How to Post to Multiple Accounts from One Developer Account


#1

Our company has a weather information platform where we set up weather stations and weather cameras at schools and universities across the US. Each weather station gets its own Facebook page and Twitter account that gets automatically updated throughout the day with useful weather alerts and bulletins as well as educational content to help build weather literacy. Our program was recognized in Florida as the winner of the Innovation Award at the 2016 Florida Governor’s Hurricane Conference and our real-time social media alerts and bulletins were an important part of the preparations and response to Hurricanes Hermine, Matthew, Irma, Florence, and Michael.

We used to simply create a new Twitter account and manage the API credentials for each account in our database for automated posting but that model has changed with the recent implementation of the developer accounts.

I read in another forum post that it is possible to have one developer account that is able to post to multiple twitter usernames but I am struggling with understanding how that would work.

It mentioned you’d use the consumer key and consumer secret key of the developer account combined with the access token and access token secret of the account you were trying to act on behalf of.

My understanding was in order to even have an access token and access token secret, the account needs to be associated with an active developer account.

We had up until now been attempting to have a separate developer account for each new Twitter username associated with a new weather station but have quickly ran into a road block.

I’d welcome any assistance in helping us get over this hurdle.


#2

It is true that you can generate an access token and secret within your Twitter app to be used by the owning user. Users do not, however, need to have a developer account nor a Twitter app for you to generate an access token for them. Even if the user does have a developer account and Twitter apps, you would not be able to use any of their access tokens that they generate from their Twitter apps, because those tokens are meant to be used with their respective Twitter apps.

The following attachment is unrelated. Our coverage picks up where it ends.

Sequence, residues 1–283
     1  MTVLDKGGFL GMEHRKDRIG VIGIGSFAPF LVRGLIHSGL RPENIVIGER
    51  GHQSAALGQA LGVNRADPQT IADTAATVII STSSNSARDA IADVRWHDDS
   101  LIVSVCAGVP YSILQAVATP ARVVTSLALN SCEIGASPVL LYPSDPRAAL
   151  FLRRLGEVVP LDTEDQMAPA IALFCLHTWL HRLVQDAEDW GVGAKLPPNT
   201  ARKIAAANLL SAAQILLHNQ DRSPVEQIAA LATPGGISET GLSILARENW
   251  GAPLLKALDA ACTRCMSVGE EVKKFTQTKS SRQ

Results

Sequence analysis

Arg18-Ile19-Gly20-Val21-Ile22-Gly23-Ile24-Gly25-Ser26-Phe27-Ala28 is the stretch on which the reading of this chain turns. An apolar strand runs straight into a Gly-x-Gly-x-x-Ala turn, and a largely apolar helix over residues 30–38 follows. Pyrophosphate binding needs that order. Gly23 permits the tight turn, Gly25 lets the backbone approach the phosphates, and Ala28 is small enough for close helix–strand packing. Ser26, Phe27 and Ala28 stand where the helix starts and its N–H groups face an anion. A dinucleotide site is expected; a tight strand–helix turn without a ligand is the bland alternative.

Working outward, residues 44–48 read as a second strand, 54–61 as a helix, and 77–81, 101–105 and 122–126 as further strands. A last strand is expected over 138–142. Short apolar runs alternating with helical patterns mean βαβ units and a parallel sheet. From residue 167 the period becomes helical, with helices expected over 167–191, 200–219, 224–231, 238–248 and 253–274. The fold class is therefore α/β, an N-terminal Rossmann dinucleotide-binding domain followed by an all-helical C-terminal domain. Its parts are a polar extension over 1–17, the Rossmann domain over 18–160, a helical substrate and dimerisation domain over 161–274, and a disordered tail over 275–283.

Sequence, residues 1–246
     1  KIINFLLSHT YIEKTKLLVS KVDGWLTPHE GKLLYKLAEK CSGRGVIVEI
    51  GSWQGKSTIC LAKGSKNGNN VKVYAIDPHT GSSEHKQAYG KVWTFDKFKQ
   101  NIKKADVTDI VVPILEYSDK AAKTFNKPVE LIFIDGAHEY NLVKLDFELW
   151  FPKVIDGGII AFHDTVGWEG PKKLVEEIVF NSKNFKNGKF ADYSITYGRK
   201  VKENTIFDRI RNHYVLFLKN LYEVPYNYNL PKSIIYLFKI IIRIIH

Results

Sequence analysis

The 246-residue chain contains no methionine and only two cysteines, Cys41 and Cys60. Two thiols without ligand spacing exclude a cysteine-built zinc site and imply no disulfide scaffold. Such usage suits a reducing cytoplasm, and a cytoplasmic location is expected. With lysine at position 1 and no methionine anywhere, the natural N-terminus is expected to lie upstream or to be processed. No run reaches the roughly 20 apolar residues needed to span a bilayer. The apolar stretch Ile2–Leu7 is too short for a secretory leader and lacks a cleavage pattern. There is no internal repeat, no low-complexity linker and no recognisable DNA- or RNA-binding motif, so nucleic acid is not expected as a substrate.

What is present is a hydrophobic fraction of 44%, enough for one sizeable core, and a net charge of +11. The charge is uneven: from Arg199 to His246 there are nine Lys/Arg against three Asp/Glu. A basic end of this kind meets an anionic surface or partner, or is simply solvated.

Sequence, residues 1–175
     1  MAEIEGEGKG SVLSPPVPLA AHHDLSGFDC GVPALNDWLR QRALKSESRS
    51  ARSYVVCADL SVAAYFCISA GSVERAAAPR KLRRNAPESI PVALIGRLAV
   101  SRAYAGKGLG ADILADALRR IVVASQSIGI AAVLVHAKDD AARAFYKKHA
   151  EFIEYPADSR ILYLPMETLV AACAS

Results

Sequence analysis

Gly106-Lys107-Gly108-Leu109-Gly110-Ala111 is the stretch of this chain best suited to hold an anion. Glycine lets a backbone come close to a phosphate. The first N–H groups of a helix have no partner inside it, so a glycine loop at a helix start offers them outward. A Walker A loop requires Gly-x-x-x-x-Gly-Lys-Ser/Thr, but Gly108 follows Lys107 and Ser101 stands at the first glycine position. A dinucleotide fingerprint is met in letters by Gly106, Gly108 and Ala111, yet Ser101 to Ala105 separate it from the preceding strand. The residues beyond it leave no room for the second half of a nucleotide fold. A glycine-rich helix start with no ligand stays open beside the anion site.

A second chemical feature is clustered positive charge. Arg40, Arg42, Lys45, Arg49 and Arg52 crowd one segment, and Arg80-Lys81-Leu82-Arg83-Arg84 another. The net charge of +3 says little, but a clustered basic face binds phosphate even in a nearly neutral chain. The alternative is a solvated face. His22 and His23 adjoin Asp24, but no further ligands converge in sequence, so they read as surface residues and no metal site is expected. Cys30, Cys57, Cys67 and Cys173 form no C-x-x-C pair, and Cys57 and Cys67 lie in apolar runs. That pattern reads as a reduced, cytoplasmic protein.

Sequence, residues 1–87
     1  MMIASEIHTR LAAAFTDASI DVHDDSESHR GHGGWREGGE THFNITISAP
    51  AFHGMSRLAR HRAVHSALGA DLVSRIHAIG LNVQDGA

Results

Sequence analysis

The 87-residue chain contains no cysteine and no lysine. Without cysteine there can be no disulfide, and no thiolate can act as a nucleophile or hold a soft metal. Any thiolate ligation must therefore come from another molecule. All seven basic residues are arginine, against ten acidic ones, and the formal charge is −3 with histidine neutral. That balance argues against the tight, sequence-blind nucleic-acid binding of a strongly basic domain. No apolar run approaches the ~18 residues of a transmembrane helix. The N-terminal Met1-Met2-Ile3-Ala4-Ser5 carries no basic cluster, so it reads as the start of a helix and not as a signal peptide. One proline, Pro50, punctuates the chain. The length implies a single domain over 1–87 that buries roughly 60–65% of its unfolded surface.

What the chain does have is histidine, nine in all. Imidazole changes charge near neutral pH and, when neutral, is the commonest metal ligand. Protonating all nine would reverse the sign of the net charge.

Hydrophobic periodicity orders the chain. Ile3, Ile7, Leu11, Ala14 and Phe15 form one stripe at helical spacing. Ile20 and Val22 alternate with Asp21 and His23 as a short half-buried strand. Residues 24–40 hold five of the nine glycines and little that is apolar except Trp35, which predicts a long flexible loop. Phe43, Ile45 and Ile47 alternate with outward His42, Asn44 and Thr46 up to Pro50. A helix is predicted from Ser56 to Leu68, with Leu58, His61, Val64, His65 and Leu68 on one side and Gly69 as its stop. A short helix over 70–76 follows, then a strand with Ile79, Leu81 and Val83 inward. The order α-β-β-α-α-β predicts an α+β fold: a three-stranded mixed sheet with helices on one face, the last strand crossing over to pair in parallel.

To make a request on behalf of another user, you need to generate a new set of user access tokens that are specifically meant to be used by your Twitter app. To generate these access tokens, you must use the 3-legged oAuth flow, and have the user authenticate or authorize your Twitter app. The last step in the 3-legged oauth flow provides you a set of access tokens that you can use along with your consumer key and secret to make a request on behalf of that user with your Twitter app.

You should be able to do all of your development for a single organization with one developer account. If you have a single organization with multiple use cases, please create and use different Twitter apps for those different use cases.


#3

Thank you for this guidance and leadership. We were able to figure this out thanks to this information and were able to automate the generation of the necessary tokens.

We are curious as to Twitter’s terms. How many individual Twitter screen names can a single app update in a given amount of time?

As of now we have well over 300 individual weather station Twitter screen names and that number is going to increase continuously.

We are concerned about running into limits imposed on an individual app.

Thanks again.


#4

The only limit that you might run into here is our rate limits related to our POST endpoints. You can read more about this in the following forum announcement:

Other than that, you should be good to go!

Happy developing!